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Life with a smartwatch

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Just before Christmas I saw an offer on a Pebble Smartwatch. $100AU from Amazon (+ postage) for the basic model, in black. I’d been a little jealous of a friend’s Apple watch for six months so decided to take the plunge and see how much value there is in a watch.

I’d been wearing a Fitbit for a while and that buzzed when the phone rang and gave information as to who was ringing, which was handy, and the Pebble does that too, and that’s the essence of it. It syncs via Bluetooth to your phone and any notifications come to your wrist.

I’ve been using it now for three months and thought I might reflect on the idea of the smartwatch, and the Pebble specifically. I’m not trying to do a full-on review, there’s lots of sites like Mashable and iMore that do that kind of thing; this is a more personal kind of reflection.

On the positive side, I’ve actually been impressed with just how handy it can be have a snippet of information on your wrist, rather than pull it out of your pocket, and not just for the ‘persons liked your post’ notifications, but messages, Google updates, and more. I like the way I can alter the watch faces and I like some of the customisation and apps you can buy (including AFL footy score updates!) I seem to get just under a week’s battery out of the Pebble, which is also pretty good.

On the negative side, the Pebble is still a bit limited. You can’t make calls or record any audio. My black and white screen is pretty basic. It’s one of those things that’s useful, not essential, nice to have. It might be a different thing if I was looking at the Apple watch, but at $500AU minimum that’s in a different price-bracelet to the Pebble.

So, are there any educational possibilities beyond the slight paranoia around watches and exams? Maybe not. I’ve yet to see a compelling use-case for the watch as a learning tool, but it may come. Field trips supplemented by GPS, quick messaging to groups on the run, the kind of quick updates, alerts, hat might prove useful for students out on an excursion.

I’m still wearing it; at $100 it’s been worth it, but I’m not desperate to spend $500 for something with the current feature-set.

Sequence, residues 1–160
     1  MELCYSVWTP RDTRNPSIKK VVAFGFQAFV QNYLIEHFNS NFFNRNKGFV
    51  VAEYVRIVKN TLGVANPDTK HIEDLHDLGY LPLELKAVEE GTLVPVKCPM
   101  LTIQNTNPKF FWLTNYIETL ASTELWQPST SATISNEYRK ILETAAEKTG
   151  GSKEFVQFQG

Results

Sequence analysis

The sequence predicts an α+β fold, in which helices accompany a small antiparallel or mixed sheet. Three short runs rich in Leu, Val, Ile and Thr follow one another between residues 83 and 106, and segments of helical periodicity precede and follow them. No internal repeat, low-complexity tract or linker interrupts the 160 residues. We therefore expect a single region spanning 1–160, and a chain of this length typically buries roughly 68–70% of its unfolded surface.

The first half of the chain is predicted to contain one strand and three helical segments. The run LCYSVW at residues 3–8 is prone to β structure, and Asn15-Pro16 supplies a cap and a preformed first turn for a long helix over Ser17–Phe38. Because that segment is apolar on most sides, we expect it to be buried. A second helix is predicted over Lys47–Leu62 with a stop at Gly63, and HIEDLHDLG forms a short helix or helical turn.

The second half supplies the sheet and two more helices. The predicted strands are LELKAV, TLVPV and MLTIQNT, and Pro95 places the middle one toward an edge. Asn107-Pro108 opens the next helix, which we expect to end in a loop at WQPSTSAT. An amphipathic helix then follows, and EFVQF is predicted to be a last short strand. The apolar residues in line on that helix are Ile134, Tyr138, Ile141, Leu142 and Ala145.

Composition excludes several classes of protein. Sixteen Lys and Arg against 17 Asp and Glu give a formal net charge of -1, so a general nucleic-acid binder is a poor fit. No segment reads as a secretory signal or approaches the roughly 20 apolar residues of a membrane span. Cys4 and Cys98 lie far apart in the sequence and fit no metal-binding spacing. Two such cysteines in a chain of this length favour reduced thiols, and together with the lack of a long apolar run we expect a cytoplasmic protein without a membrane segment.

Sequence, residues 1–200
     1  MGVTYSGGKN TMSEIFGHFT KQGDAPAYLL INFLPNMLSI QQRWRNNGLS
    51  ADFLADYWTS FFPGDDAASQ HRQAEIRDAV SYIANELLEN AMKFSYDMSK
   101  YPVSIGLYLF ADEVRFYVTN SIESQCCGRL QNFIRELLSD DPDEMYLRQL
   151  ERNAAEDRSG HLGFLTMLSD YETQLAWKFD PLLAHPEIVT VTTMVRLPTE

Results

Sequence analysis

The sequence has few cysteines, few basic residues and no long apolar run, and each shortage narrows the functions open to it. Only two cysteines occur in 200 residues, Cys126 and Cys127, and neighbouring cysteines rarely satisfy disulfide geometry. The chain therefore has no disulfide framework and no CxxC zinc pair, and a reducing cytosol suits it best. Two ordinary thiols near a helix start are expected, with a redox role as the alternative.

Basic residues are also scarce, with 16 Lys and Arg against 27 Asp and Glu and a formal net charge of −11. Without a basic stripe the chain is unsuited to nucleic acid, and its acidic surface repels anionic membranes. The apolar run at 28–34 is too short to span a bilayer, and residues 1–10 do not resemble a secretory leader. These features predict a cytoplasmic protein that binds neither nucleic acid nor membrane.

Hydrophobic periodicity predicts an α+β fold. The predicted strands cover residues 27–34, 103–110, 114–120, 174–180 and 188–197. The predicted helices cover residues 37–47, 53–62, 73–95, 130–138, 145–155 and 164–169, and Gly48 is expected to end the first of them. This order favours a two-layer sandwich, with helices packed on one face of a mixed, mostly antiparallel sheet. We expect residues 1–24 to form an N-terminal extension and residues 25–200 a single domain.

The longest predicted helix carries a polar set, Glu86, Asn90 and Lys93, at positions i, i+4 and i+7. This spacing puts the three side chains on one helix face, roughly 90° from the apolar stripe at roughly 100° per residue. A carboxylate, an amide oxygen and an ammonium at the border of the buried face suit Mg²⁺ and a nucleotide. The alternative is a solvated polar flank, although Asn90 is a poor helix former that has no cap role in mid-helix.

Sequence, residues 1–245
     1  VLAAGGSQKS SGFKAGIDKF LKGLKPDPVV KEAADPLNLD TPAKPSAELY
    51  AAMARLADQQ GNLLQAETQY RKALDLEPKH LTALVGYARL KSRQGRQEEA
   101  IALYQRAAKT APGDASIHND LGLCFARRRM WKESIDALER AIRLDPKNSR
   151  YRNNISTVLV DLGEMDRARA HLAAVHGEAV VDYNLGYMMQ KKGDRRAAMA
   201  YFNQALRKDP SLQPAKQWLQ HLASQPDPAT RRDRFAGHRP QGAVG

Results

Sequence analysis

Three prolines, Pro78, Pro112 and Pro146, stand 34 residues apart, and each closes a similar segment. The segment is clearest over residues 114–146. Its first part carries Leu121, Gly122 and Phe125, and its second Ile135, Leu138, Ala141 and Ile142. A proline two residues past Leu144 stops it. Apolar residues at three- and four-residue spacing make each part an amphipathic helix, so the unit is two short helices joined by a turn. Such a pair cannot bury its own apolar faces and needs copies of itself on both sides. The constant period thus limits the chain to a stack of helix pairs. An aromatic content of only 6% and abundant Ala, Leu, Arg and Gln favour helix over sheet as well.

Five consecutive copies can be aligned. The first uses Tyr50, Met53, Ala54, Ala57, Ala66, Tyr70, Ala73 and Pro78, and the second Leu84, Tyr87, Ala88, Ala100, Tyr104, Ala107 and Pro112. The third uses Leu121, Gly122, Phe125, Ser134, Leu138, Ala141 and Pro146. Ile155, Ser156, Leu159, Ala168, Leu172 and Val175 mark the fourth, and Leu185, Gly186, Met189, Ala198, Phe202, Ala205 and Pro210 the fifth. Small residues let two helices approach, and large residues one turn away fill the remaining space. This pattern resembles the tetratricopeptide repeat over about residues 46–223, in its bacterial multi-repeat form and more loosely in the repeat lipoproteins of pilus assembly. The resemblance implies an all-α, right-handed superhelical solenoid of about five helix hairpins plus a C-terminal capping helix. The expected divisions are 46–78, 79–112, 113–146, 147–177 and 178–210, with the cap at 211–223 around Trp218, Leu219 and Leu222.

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Above: Buddy Day at ACMI. Photo: Warrick

It’s hard to believe that I’m about to finish term 1 in my new school, and I haven’t blogged about it yet.

Perhaps it’s still too new, and certainly too busy, to reflect properly on the excitement, the challenges and the possibilities of a new place.

In terms of teaching; I’m teaching Year 9 for the first time in a long time, and no Year 12. The conversations are very different but I’ve enjoyed the shift in lots of ways, and have always thought that you can make a big difference in a Middle School classroom.

In terms of technology, it’s a mixed place. There are IWBs that no-one uses much, Windows laptops for staff, a BYOD program 10-12 and an iPad program 7-9.

So, I’m teaching with iPads for the first time, supplemented by Jacaranda+ texts and some good old paper. I’ve been using OneNote in my own teaching (of course) but am itching to get Office 365 going in the school, and to get OneNote notebooks up and running.

I’ll reserve the iPads for a separate post sometime. They work well: reliable, great battery, portable, app-friendly. The students like them, and don’t mind typing on them (I bought a Brydge keyboard for mine as I don’t like typing on the screen) Of course, the problem remains switching between writing and reading so the need for paper as well, which I don’t like. I bring my heavy Windows HP notebook to most classes, mainly because I can’t plug an iPad into the IWB and the Apple TV solution hasn’t worked well. There’s room for some improvement there.

Otherwise, everything is new. It’s a smaller school so you’re across multiple roles more, some of which are pretty new to me. Being in a new school reminds you how students must feel going into new classrooms with new teachers every year. It’s been refreshing, but I hope to be able to blog more regularly from now on.

Below: Getting started, note Brydge iPad keyboard. Photo: Warrick

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Morning, day 2, #3